Experts have suggested that house prices will experience little to no growth in 2018, with some suggesting that prices could even fall in certain areas.
The market forecast by This Is Money polled industry experts from leading lenders, property analysts and the Royal Institution of Chartered Surveyors (RICS). While opinion was split on the detail, the overwhelming consensus among experts was that any growth will be relatively minor compared to previous years – little more than 2-3 per cent over the course of the year.
Some have predicted that London house prices – which have soared in recent years - will remain steady or even fall in 2018, with the most noticeable drop towards the tail-end of the year. However, growth is expected in regional capitals, such as Manchester.
Many pointed to the continuing uncertainty over Britain’s exit from the European Union as a source of caution among buyers, while sellers could be further dissuaded from putting properties on the market as the number of homes which remain unsold - or failing to meet their asking price – continues to climb.
Responding to the market forecast, Natalie Bradley, Head of Conveyancing at the national law firm Stephensons, said: “There’s been a lot of speculation about the direction of house prices during 2018. I think they are obviously not going to boom this year because of consumers’ concerns about inflation outstripping wage growth, therefore reducing their disposable income for a ‘big ticket’ purchase such as a home, combined with ongoing widespread uncertainty about Brexit.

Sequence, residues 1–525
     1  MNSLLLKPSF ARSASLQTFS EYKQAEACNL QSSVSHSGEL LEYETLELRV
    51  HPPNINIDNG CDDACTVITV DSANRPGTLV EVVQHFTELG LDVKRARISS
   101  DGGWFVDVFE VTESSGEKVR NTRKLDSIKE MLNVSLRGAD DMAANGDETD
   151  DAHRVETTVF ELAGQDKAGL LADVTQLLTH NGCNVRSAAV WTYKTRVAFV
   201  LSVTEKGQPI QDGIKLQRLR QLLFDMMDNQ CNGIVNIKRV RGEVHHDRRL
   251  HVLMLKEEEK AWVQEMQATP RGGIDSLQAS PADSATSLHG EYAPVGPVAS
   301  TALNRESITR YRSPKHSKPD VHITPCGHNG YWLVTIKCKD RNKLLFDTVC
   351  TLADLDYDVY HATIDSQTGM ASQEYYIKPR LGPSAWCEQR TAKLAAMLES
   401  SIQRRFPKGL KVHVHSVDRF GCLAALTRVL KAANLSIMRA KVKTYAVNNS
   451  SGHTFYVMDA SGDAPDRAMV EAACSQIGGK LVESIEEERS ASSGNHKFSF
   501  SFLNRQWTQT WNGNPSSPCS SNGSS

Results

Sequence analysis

“The exemption from stamp duty for first time buyers is having little effect on the housing market because most first time buyers continue to struggle to raise a deposit. There remains a heavy reliance on gifts and in any case, lending criteria is that much more stringent than in the past.
“While Wales is replacing stamp duty with a land tax on 1st April, this too will have minimal effect on the residential sector because buyers are only affected detrimentally once property values reach £400,000. As the starting band is £180,000, a lot of buyers will be exempt from payment of the tax.
“I share the widespread belief that London will remain steady because prices in the capital are already hugely disproportionate to the rest of the UK but prices in major regional; cities such as Manchester and Birmingham will witness higher increases in price because there’s more demand for property in such locations.
“I’m one of those looking to move home and finding that most properties are sold within 24 hours of going on what has become a very competitive market, partly because of the imbalance between demand and supply with far fewer homes being offered for sale as people decide to sit tight.”